Now, let's take it a step further and talk in terms of exercise — being made to move and be challenged. The fitness industry is a five billion dollar industry that has grown to offer an abundance of movement options. But sometimes the more options you have, the harder it is to make a decision about what type of exercise is right for you.
Here are a few things to consider when trying to sift through the overwhelming number of modalities:
1. Find a fitness program that resonates with you
This would be your go-to workout, one that feels more like play than a workout, or something you may dub as your "moving meditation." You are most likely to commit to a workout that you enjoy, so always have this choice in your back pocket. I often use the analogy that this would be like your best friend — they will always be there for you no matter what, to pull you out of a bad mood, to keep you honest, and tell you like it is.
2. Step outside of your comfort zone
It may sound odd, but give the opposite extreme, a workout you never imagined you would attempt, a chance. Commit to stepping into an uncomfortable, unknown space for a specific length of time — whether it be a month, eight classes, 8 hours — enough time to see how your body and mind respond to this new movement challenge. You may be surprised that you've found a new "friend."
If this new program proves to be too much to handle, look for something a bit more middle of the road, still a challenge but slightly more comfortable. Never forget that the body (and mind) responds to change. Become comfortable with the uncomfortable — shock it to rock it.
3. Pay attention, move well
Once you've found a balance between what you love, and what challenges you most, take notice of how you feel both mentally and physically. The program you commit to should ultimately make you MOVE BETTER in a pain-free, balanced, highly endorphinated, fully STOKED state. Make sure you are constantly learning while moving, that you aren't just being told what to do, but taught. There should always be a "why" to accompany the way you are moving.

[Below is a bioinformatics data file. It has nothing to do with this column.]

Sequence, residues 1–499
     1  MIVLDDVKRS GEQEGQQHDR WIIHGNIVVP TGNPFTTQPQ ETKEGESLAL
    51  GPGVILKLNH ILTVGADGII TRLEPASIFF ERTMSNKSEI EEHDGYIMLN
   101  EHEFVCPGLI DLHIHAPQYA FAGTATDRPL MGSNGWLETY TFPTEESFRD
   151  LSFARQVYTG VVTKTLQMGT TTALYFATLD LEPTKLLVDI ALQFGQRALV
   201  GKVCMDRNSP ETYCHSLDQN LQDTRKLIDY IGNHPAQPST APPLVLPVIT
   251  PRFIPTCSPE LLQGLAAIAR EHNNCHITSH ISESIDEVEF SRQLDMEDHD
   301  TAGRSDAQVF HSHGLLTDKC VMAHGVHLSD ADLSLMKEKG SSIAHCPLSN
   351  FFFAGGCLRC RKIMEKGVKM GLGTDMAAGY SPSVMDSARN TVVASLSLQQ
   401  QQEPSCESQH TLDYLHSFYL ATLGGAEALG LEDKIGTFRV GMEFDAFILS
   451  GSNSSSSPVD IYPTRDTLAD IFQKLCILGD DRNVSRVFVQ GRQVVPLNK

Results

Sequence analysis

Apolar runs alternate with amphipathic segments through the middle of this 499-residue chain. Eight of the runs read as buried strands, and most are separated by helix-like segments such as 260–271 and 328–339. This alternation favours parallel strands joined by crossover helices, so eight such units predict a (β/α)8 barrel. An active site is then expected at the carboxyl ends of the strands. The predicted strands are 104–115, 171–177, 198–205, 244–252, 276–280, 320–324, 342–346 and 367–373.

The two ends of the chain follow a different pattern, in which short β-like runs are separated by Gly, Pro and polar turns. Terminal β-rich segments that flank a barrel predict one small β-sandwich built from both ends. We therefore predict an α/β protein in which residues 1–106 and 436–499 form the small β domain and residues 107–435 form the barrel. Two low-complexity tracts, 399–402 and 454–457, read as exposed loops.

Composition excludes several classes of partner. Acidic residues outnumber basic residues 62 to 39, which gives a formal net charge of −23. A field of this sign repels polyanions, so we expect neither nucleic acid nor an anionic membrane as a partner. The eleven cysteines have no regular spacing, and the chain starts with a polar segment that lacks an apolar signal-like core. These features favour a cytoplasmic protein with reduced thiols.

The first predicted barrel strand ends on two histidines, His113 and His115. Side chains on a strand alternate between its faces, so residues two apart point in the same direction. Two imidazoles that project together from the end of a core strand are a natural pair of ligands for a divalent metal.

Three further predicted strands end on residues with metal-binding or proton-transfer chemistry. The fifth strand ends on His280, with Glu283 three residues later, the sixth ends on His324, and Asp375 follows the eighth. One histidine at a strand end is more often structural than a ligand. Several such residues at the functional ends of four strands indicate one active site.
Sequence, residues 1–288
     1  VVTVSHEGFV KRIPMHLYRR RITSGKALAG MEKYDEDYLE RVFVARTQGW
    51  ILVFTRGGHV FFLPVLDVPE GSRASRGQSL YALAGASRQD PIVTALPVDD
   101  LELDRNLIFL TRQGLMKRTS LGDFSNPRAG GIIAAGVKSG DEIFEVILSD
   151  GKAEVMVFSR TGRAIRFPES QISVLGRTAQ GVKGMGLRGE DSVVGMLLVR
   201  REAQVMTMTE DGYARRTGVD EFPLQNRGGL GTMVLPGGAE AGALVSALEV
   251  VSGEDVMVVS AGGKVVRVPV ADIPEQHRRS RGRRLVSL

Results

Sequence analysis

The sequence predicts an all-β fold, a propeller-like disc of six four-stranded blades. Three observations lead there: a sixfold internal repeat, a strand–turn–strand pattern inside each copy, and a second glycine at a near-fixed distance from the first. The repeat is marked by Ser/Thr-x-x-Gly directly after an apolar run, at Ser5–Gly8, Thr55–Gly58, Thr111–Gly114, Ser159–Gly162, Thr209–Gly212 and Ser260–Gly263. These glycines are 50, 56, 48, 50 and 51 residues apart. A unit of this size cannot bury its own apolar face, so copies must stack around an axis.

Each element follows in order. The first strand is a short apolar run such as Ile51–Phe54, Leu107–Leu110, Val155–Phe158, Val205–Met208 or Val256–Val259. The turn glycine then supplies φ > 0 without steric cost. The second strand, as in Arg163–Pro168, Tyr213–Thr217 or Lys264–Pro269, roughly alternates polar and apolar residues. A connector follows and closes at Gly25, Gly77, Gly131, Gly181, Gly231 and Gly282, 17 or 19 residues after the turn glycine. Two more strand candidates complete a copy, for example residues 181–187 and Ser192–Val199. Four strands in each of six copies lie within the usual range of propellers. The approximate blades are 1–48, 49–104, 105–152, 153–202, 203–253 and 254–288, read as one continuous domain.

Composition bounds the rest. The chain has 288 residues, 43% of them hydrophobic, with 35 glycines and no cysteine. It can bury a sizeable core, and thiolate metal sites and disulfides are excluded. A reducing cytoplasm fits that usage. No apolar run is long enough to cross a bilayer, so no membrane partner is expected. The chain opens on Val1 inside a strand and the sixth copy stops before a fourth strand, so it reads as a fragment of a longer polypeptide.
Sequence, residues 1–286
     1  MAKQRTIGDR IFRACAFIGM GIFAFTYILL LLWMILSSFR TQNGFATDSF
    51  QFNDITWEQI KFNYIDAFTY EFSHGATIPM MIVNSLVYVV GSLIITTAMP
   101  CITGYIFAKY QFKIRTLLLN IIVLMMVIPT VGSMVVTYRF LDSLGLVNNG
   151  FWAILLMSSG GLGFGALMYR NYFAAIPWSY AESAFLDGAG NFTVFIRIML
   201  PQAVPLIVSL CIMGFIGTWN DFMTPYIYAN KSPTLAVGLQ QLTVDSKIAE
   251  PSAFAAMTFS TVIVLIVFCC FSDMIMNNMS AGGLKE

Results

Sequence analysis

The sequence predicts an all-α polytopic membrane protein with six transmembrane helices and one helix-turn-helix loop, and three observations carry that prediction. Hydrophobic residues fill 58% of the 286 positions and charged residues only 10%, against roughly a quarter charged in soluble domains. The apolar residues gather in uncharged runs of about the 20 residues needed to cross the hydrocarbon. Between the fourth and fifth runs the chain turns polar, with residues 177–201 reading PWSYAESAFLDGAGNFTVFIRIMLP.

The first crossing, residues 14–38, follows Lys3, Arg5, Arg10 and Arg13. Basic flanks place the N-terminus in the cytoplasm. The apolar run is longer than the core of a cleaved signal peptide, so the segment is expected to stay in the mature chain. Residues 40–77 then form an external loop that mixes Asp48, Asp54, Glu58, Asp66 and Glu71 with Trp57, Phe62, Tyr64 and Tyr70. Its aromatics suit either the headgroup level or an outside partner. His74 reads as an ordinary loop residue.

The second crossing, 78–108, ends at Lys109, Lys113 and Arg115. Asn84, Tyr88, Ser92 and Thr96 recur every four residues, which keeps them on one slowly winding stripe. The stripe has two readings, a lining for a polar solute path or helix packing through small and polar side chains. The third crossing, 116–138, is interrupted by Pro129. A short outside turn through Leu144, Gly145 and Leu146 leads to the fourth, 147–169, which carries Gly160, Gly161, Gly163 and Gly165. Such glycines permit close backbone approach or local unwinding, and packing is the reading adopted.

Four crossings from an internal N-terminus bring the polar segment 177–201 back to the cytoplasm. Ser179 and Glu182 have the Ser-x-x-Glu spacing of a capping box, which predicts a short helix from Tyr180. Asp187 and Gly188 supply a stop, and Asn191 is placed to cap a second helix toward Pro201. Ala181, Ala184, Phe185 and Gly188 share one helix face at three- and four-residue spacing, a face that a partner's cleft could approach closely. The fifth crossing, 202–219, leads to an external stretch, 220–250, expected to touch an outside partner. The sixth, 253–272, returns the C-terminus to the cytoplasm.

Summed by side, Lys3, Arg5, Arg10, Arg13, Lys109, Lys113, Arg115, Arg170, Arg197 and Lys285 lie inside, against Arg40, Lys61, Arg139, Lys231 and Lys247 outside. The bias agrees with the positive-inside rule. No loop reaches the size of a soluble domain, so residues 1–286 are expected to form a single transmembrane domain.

Check out my #SMOTD, "Stoked Move Of The Day" hashtag I created for Instagram, where I offer Stoked Athletes and fitness enthusiasts ideas for movements and exercises to add to their regime in a form-focused, thoughtful manner.
4. Community is key
Move with people who make you want to move more. Being around like-minded, supportive fitness friends and coaches will help you stay on point and inspire you to give 100% to each and every sweat session.
I am incredibly fortunate to have found that my passion and work could be one-and-the-same 20 years ago. Being a trainer and group fitness coach has enabled me to live in motion and create solid science-backed programming— The Stoked Method and Stoked Series classes (as well as my streaming workouts) continue to evolve and challenge athletes to move and MOVE WELL. I end every single workout with my Stoked Athletes with a sentiment of appreciation, "Take a moment to be grateful and thankful for the ability to move your body as you did today, as it is truly a gift."
Put simply, "A body at rest stays at rest" (and never grows)... "A body in motion, stays in motion" (and flourishes... gets stronger, better and ACHIEVES GREATNESS).
Kira Stokes, a graduate of Boston College with a BS in psychology and a minor in health science, has excelled in the personal training and fitness industry for over 18 years.
Kira's personal training clients include professional athletes, celebrities, television journalists and dignitaries. She has trained co-hosts of the television show “The View,” including Sherri Shepherd. She currently works with former "The View" co-host and TV personality Jenny McCarthy, and star of "Fuller House" and co-host of "The View" Candace Cameron Bure. She also trains co-anchors of “CBS This Morning” and the “Today Show.”
Kira's focus is on innovative training, concentrating on transforming the body and mind. She has developed a signature training technique, The Stoked Method, which combines functional and traditional methods of working the body. Her personal training methods have evolved to include a unique combination of strength training, cardiovascular conditioning, sports specific drills, yoga, and Pilates.
In November 2014 Kira was chosen as the celebrity brand partner for BFX Studio. Her signature "Stoked Series" classes are exclusively offered at the Chelsea location.